126 P.2d 920

KENNETH ZWERIN et al., Appellants, v. RIVERSIDE CEMENT COMPANY (a Corporation) et al., Respondents.

Docket No. 13432.Court of Appeal of California, Second District, Division Three.
June 14, 1942.

APPEAL from a judgment of the Superior Court of Los Angeles County. Arthur Coats, Judge assigned. Affirmed.

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Kenneth C. Zwerin in pro per. and William F. Heron for Appellants.

Jennings Belcher and Louis E. Kearney for Respondents.

SHAW, J. pro tem.

This action was brought by the plaintiffs to recover damages for personal injuries received by them in a collision between a De Soto automobile owned and driven by the plaintiff Kenneth Zwerin and a truck owned by the defendant corporation and driven by defendant Maxie. The complaint was based on negligence of Maxie, alleged to be the employee of the corporation. The plaintiff Kenneth Zwerin sought also a recovery for damage to his automobile. The defendants denied all the allegations of the complaint, and pleaded contributory negligence of plaintiff Kenneth Zwerin, alleging also that he was acting as the agent of plaintiff Doris Zwerin. The jury returned a verdict in favor of defendants, on which judgment was entered, and plaintiffs appeal from this judgment.

The appellants concede that the trial court made no errors in ruling on evidence or instructing the jury, their only point being that the evidence is insufficient to support the verdict. They contend that the evidence establishes, as a matter of law, that the defendant Maxie was negligent and that the plaintiff Kenneth Zwerin was not negligent. The plaintiff Doris Zwerin is the mother, and on the occasion in question was the guest, of the plaintiff Kenneth Zwerin, and no ground appears on which his negligence, if any, can be imputed to her. The defendant Maxie, it was stipulated, was acting as employee of defendant corporation and driving its truck at the time of the accident. If the evidence is sufficient to support the jury’s implied finding that Maxie was not guilty of any negligence which was a proximate cause of the accident the judgment must be affirmed as to both plaintiffs; otherwise it must be reversed as to plaintiff Doris Zwerin at least. We therefore address ourselves first to the question of Maxie’s negligence. In passing upon it we follow the established rule on appeal, considering only the evidence which favors the verdict, resolving all conflicts in the evidence against the appellants, and where conflicting inferences can reasonably be drawn, even from undisputed facts, accepting those which tend to support the verdict. On such a view of the evidence the following facts appear:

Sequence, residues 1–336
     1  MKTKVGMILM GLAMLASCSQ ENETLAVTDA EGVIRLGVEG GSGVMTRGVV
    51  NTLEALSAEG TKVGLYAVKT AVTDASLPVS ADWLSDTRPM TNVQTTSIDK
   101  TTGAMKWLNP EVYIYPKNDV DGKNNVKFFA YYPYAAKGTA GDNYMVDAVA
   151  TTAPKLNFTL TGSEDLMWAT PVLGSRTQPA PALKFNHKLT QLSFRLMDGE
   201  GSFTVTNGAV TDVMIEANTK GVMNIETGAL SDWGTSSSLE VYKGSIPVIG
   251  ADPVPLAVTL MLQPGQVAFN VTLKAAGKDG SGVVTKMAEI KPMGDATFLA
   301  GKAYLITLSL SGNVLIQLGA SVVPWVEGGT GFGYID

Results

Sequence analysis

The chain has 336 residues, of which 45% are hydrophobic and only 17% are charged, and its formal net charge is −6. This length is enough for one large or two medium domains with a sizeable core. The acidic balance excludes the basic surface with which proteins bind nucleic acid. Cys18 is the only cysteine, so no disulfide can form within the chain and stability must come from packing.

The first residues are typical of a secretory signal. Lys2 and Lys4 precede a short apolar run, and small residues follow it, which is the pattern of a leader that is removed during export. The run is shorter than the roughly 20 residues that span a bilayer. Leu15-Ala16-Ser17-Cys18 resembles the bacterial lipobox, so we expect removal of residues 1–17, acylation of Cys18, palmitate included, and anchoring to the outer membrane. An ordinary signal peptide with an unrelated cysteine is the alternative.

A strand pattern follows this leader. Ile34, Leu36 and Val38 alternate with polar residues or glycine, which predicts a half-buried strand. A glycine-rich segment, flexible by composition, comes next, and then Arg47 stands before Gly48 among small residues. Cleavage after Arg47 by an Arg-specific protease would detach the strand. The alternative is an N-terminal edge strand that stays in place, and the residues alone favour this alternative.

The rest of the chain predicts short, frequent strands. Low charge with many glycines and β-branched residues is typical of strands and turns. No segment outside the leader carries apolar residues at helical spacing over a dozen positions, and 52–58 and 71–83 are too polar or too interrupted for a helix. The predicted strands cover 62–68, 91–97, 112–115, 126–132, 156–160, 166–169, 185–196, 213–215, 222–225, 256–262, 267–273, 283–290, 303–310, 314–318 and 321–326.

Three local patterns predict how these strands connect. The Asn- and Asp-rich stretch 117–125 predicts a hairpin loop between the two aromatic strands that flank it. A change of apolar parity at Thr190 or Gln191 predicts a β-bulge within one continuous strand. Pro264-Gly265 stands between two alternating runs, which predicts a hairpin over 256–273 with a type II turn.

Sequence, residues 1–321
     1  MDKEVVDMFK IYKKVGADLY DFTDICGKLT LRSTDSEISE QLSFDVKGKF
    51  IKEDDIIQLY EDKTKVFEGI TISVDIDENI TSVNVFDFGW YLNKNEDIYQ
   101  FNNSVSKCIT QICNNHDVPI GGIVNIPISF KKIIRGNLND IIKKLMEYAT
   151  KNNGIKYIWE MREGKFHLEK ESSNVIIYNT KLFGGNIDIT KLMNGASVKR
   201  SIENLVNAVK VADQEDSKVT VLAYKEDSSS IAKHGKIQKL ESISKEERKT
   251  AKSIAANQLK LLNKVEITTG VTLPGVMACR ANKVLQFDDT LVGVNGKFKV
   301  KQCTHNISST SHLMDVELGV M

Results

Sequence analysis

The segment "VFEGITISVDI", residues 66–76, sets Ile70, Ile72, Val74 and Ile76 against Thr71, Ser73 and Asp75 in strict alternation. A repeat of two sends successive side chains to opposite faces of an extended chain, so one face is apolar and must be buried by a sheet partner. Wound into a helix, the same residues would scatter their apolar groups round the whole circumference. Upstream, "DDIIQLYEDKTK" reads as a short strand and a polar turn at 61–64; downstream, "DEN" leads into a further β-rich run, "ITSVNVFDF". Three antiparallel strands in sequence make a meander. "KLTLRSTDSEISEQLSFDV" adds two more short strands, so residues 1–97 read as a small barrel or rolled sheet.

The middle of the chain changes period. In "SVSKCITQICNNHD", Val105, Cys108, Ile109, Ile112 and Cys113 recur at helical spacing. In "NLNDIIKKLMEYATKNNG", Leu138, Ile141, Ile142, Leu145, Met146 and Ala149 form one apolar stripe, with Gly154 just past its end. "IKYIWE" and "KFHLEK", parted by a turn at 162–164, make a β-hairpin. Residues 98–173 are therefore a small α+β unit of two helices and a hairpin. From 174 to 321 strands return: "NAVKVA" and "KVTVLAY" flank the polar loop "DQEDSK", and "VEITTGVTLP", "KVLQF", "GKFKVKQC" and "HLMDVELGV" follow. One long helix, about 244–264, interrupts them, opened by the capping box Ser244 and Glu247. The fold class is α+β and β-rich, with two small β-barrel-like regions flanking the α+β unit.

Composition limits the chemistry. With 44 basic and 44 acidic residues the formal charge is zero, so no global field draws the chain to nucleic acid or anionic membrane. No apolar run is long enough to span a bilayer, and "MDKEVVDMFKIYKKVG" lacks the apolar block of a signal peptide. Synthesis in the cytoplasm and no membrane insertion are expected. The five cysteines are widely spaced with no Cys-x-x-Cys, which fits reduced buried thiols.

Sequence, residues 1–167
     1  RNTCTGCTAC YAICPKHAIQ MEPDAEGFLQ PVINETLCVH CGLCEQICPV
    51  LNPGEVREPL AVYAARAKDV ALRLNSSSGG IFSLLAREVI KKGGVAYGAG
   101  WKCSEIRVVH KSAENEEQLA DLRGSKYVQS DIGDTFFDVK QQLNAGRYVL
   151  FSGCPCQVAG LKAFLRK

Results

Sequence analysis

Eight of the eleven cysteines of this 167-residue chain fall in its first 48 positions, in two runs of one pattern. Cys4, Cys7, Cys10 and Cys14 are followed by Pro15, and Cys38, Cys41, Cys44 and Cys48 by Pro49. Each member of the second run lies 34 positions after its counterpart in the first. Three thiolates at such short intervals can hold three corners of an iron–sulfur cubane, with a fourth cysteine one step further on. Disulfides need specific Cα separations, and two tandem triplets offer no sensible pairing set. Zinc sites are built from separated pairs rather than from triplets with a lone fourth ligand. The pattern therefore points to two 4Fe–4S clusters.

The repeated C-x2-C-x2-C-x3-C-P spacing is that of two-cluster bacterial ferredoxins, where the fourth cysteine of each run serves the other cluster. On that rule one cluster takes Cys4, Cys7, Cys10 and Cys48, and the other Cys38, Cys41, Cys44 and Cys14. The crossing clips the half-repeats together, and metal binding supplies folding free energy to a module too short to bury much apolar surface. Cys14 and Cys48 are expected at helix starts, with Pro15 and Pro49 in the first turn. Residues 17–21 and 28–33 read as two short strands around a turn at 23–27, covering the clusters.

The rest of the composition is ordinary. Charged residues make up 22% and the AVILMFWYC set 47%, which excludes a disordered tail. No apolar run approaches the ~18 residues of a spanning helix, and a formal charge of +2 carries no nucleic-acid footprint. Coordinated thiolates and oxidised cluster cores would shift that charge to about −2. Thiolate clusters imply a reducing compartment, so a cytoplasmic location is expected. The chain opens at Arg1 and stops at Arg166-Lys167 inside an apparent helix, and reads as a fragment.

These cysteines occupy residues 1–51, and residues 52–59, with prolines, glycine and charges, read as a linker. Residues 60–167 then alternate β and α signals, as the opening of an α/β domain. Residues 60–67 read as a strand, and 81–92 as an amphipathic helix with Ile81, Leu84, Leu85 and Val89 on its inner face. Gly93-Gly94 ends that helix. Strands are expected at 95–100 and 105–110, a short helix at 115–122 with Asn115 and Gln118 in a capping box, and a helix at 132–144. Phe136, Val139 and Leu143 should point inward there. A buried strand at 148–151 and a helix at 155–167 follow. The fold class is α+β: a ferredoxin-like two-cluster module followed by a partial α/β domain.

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[1] The collision happened at about 3 p.m. on a rainy day, October 25, 1940. Both the vehicles involved had windshield wipers in operation, and it does not appear that the rain interfered with the vision of either driver. The scene of the collision was the intersection of Lankershim Boulevard and San Fernando Road. San Fernando Road here runs approximately northwest and southeast and Lankershim Boulevard, running approximately north and south, intersects it from the south but does not continue to the north. San Fernando Road was at the time of the collision a regularly established through highway and a stop sign such as is prescribed by law was located on Lankershim Boulevard about forty feet back of the curb line of San Fernando Road. Plaintiff Kenneth Zwerin was driving his De Soto car northerly on Lankershim Boulevard, intending to turn northwesterly on San Fernando Road, and as he approached San Fernando Road he slowed down but did not come to a complete standstill at the edge of San Fernando Road. He kept on coming very slowly, at a speed of about four or five miles per hour. Defendant Maxie was driving southeasterly on San Fernando Road, with an empty cement truck to which was attached an empty trailer, both together weighing about 25,000 pounds and having a combined length of forty-five or fifty feet. Both had air brakes. Maxie was driving about thirty-five miles per hour as he approached Lankershim Boulevard, and at a distance of about 200 feet from it he saw the De Soto approaching on Lankershim Boulevard and applied his brakes and kept them applied a little, slowing down to about thirty miles per hour. As the De Soto approached, San Fernando Road was clear of north-bound traffic for several hundred feet to the southeast, so that the car could have crossed San Fernando and turned northwesterly without interference from traffic coming from the southeast. Maxie testified to the events leading to the collision in these words: “A. Well, I was coming down San Fernando Road towards Los Angeles, home, and I seen this car approaching up Lankershim Boulevard, and he was coming very slow, and I swung towards the middle lane to clear him, and he kept coming out and I got pretty close to him, and I thought he was going to go; and so I started to swing behind him, to clear him behind, and he stopped dead still, and I hit him. Q. At the time he brought his car to a stop, where was he with reference to the path of travel of your truck? A. Right